The Vermont Senate Judiciary Committee unanimously approved a bill Friday that would allow same-sex marriage in the state. This vote came after a week of hearings on the issue. Vermont currently allows civil unions, but the current bill would expand benefits offered to same-sex couples.
The bill will now move to the state Senate. Even if the legislation passes in both houses of the state legislature, supporters are concerned that Republican Governor Jim Douglas would veto the measure. A spokeswoman for the Governor told the New York Times that “Governor Douglas believes that this legislation is a distraction from the important work the legislature should be doing to get our economy back on track.”
Former state Representative Republican Tom Shelburne, who chaired the House Judiciary Committee when the state legalized civil unions in 2000, testified during the hearings that “The question before this committee is if Act 91 is fulfilling its promise. Allowing same-sex couples to marry would grant them access to less tangible benefits. This would include the use of words such as marriage, wedding, marry, celebration and divorce words that have historical, social and cultural significance,” according to United Press International.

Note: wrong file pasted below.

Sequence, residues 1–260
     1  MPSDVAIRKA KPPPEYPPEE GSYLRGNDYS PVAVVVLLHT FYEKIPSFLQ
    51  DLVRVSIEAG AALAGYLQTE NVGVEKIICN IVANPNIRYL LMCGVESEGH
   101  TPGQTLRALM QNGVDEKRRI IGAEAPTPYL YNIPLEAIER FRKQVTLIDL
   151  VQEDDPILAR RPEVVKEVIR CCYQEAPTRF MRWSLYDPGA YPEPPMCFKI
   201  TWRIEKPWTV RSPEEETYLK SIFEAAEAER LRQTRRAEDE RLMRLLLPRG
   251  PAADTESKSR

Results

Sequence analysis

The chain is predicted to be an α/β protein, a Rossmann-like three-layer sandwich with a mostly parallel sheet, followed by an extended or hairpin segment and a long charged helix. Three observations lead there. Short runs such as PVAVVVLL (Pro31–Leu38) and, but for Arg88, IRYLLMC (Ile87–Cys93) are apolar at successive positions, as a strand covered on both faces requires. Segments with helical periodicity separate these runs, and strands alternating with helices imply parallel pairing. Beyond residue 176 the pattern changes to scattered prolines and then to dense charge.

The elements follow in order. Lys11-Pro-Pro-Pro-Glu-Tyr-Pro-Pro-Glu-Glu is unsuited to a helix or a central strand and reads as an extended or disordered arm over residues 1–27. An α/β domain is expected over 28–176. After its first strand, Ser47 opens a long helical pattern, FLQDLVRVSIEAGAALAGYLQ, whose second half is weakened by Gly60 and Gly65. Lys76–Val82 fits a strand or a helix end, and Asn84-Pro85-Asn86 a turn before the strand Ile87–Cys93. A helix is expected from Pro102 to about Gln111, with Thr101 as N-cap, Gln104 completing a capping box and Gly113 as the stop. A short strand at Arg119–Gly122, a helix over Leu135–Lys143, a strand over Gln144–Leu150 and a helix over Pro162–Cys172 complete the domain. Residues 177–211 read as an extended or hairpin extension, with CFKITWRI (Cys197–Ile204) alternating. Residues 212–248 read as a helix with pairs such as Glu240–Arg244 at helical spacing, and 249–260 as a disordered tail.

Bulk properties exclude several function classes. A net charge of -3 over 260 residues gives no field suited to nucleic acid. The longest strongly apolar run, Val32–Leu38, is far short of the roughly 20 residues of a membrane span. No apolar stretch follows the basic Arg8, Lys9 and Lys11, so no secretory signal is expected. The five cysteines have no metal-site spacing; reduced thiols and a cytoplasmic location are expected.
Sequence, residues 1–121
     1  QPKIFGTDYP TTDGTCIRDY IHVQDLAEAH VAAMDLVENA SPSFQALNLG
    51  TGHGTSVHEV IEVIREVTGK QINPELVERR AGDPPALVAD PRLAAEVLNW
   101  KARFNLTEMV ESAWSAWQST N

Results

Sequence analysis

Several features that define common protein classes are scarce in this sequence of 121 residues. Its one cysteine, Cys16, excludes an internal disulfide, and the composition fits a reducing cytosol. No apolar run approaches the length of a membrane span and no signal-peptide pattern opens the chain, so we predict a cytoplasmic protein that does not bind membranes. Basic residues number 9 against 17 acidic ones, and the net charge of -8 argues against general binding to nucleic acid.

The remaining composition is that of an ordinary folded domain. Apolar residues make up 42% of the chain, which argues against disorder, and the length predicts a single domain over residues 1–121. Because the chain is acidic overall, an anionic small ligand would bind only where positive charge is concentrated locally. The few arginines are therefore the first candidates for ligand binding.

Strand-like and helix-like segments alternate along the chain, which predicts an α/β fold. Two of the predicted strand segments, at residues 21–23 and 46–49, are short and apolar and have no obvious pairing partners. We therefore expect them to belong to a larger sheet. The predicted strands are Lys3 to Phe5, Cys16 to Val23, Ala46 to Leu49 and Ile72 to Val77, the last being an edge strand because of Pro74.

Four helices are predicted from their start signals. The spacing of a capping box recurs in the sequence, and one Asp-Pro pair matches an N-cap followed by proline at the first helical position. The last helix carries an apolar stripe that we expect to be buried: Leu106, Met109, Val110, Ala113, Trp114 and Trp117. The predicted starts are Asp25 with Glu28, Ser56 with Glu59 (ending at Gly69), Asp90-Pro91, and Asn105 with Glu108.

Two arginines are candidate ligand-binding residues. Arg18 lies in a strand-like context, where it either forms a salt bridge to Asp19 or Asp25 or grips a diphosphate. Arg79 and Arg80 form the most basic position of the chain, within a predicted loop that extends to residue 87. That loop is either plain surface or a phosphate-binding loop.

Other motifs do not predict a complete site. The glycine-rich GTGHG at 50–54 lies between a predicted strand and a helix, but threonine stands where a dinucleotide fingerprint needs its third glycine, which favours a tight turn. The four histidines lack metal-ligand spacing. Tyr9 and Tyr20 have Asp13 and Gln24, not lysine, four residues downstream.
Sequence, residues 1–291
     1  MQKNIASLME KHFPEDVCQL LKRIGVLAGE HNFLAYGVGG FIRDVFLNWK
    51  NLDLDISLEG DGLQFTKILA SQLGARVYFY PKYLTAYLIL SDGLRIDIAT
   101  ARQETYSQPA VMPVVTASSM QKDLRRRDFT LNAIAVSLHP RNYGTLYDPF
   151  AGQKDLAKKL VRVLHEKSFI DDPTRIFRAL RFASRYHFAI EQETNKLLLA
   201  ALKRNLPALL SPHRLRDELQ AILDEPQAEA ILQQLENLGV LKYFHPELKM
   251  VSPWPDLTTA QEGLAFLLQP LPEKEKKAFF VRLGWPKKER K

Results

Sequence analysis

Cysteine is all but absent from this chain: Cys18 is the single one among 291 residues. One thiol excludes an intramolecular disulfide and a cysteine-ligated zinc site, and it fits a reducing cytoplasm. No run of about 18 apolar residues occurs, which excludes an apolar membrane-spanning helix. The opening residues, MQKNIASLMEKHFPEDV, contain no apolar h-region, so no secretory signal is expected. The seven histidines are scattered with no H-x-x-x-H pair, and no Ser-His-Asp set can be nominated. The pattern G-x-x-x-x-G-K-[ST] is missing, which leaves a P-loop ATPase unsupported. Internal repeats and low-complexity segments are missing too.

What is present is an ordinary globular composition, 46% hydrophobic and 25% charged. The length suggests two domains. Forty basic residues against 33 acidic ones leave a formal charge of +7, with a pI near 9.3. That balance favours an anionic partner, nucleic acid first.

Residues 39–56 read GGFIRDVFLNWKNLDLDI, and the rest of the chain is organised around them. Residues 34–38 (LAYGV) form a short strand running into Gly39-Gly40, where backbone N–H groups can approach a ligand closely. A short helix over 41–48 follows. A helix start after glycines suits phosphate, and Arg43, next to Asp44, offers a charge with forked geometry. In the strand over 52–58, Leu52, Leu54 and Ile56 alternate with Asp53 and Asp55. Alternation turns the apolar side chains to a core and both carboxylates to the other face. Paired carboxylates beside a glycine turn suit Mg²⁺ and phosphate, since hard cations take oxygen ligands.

Vermont became the first state to give civil recognition to gay and lesbian couples with the passage of legislation that established civil unions in the state in 2000. At the time, this law granted same-sex partners the most comprehensive system of domestic partner benefits in the nation, qualifying them for the some 300 rights and benefits available to married couples in the state.